Al Ainsworth.com

Writing stories to pass values from one generation to the next

Hunter Brandt: Caught in the Middle

Caught in the Middle

Hunter Brandt: Caught in the Middle

Have you ever felt caught in the middle?

  • Caught in the middle of two family members who can’t agree with one another?
  • Caught in the middle of your own hopes and dreams and someone else’s expectations of you?
  • Caught in the middle of your own values and those someone else would impose on you?

I spend months writing each book in the Coach Dave series and more months editing them. In reading them over and over (and over and over), I have come to know the characters intimately. They become less a part of my world, and I become more deeply entwined in theirs. Their plot paths become less determined by me and more directed by who they have become in the Coach Dave world.

One character in the series was originally intended to be a shadow character, one that the reader didn’t really get to know personally. Hunter Brandt refused to stay in the fringes, however, begging for his own identity instead of being known as Fletcher Brandt’s son. Fletcher Brandt is the win-at-all-costs antagonist of the series. I never intended for Hunter to escape his father/coach’s shadow, but he became so likable to my readers and such a sympathetic character that he could no longer stay caught in the middle of Fletcher Brandt and the trophies that validate him.

The narrative device that I chose to bring out both Fletcher and Hunter Brandt in Coach Dave Season Three is Whitney Brandt. Fletcher’s wife makes her first appearance in the season at the middle school baseball parent meeting and upsets her husband’s apple cart by calling Gary “Rooster” Hamilton “downright charming.” Later, she takes an enormous risk by saying yes to a cup of coffee at the home of our narrator.

“Caught in the Middle” is an excerpt from Coach Dave Season Three: Middle School.

Caught in the Middle

Most of the boys showed up at our house right after school on Friday afternoon. Practically every player on the team, even the eighth graders, piled into the game room upstairs. Kate was just about to make an extra grocery run when the doorbell rang. We arrived at the front door from opposite ends of the house at about the same time. Whitney and Hunter Brandt stood on our front porch.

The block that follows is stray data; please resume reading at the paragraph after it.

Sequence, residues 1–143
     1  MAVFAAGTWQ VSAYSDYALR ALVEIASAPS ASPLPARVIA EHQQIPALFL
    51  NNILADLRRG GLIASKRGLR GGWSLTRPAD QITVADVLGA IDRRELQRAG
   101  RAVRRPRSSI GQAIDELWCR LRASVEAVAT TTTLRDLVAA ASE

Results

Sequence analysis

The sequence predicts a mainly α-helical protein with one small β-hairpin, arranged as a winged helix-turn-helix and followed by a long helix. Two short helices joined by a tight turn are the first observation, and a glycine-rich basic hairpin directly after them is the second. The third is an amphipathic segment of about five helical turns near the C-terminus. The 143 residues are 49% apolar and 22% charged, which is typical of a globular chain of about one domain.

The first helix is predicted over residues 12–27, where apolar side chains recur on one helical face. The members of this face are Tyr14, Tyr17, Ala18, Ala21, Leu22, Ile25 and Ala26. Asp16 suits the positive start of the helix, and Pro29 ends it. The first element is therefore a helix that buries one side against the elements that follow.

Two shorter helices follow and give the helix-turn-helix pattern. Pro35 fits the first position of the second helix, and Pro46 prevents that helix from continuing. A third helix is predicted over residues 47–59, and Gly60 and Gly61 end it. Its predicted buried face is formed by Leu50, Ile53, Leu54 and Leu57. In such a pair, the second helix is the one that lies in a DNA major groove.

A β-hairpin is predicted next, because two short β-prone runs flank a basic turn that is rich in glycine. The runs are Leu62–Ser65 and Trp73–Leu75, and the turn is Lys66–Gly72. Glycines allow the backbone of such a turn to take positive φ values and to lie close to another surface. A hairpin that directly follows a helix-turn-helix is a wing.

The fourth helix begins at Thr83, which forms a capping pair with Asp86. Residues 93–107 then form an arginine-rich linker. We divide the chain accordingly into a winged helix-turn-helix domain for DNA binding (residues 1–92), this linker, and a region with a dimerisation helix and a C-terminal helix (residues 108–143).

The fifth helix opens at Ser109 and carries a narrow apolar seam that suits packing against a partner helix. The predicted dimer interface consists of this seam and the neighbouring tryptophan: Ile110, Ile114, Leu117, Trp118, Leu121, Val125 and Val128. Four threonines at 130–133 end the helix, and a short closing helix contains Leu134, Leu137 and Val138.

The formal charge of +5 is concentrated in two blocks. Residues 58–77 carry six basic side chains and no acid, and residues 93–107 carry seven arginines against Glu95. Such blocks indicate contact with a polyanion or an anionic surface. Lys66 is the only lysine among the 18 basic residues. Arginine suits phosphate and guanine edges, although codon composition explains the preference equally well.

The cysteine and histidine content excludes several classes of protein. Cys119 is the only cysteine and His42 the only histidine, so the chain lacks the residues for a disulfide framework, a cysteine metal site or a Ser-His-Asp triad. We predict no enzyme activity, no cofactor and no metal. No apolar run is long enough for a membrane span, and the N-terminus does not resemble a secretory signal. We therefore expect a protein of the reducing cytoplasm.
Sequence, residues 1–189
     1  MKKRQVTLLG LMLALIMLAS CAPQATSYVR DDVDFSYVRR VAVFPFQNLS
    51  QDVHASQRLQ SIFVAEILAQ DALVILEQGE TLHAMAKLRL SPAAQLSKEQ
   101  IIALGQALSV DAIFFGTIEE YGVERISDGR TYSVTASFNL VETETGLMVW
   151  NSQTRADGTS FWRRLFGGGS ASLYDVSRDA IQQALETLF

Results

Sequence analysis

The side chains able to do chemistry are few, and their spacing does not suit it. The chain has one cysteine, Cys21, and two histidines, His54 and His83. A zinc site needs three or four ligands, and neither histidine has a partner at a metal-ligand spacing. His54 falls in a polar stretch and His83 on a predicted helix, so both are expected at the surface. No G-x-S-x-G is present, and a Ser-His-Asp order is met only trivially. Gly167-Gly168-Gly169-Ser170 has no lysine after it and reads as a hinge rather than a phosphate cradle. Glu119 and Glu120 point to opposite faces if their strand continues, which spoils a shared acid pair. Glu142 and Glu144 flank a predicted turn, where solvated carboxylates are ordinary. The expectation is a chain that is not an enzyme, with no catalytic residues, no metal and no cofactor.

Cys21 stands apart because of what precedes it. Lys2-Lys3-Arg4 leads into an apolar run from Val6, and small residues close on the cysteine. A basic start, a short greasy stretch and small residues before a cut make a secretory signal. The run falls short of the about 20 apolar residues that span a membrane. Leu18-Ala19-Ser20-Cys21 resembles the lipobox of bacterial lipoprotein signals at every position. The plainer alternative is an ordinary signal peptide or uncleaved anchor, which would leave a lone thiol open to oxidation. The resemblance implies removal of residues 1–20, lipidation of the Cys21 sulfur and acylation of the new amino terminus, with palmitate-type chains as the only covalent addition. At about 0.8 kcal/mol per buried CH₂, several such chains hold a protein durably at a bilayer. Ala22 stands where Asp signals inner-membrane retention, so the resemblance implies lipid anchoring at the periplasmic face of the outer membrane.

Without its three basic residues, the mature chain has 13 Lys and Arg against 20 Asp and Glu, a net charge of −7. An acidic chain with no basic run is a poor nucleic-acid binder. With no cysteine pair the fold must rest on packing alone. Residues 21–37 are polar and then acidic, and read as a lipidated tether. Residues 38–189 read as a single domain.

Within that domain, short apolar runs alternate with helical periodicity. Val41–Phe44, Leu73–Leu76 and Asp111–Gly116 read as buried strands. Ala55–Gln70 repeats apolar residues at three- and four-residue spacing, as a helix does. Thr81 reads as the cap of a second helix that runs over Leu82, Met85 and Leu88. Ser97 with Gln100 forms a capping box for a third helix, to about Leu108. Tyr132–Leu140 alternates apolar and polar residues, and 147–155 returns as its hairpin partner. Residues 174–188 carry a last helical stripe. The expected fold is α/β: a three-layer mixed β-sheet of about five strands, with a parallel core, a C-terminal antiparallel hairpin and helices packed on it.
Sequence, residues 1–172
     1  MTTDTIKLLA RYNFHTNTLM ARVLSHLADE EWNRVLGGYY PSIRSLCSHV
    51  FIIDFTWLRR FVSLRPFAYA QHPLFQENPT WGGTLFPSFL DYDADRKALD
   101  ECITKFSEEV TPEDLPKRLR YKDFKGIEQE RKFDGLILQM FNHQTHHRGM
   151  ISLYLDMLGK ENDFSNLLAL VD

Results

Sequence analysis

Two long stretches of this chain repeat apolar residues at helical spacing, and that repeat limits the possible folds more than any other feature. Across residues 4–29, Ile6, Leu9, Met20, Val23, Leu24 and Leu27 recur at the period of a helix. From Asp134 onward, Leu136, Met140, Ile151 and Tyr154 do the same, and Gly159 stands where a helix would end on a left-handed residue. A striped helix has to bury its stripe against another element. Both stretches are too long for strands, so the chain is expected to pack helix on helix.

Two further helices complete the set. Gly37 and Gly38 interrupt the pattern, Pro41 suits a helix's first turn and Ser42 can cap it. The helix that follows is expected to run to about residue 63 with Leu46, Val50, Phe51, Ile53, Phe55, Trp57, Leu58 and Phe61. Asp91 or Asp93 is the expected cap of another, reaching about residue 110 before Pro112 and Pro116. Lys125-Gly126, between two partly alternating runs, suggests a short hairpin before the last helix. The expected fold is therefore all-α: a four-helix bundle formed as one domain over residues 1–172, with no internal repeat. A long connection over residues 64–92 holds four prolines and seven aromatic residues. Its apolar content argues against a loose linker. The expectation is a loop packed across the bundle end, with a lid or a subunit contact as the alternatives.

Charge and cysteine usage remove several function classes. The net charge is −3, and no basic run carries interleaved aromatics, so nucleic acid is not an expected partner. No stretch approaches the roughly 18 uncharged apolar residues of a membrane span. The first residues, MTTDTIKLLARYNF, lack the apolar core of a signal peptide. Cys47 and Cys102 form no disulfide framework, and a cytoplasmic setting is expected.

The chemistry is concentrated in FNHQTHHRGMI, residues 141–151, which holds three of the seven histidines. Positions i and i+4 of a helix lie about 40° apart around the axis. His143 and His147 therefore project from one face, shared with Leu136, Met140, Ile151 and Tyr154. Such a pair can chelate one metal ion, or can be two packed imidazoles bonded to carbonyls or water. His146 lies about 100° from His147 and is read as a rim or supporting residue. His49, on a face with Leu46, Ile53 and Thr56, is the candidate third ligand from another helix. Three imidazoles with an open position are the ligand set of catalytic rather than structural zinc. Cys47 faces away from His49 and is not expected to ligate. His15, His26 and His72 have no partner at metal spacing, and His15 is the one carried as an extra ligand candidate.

“Well, hello,” said Kate. “Hunter, we’re so glad you could come. “The boys are upstairs in the game room. Take the stairs and follow the noise.”

Hunter bounded up the stairs, but his mother lingered. “I wanted to thank you for going out of your way to invite Hunter to join in with the rest of the boys.”

“All Rob’s idea,” I said, “but we’re glad to have him.”

Hunter’s mother hesitated but continued, “Hunter is a good kid, but…he gets left out a lot. He’s beginning to understand that people associate him with his dad, and that has caused quite a divide in their relationship. Mr. and Ms. Baker…”

“Brad and Kate,” Kate inserted, reaching out to reassure Whitney Brandt with a touch on her shoulder.

“Brad and Kate, then. I love my husband. He hasn’t always been so crazy about winning ball games. I know how people talk about him, and I can’t really argue with them. But they don’t know the Fletcher Brandt that I fell in love with in college. He was sweet and thoughtful and…interested in more than baseball.”

“What happened?” I asked, more brusquely than I had intended. “Sorry, didn’t mean to sound rude.”

“It’s okay.”

“Where are our manners?” Kate suddenly remembered. “Won’t you come inside and sit down? We would love for you to join us for a cup of coffee.”

Determined, Whitney nodded her head once and said, “Yes, I would love to join you for a cup of coffee.”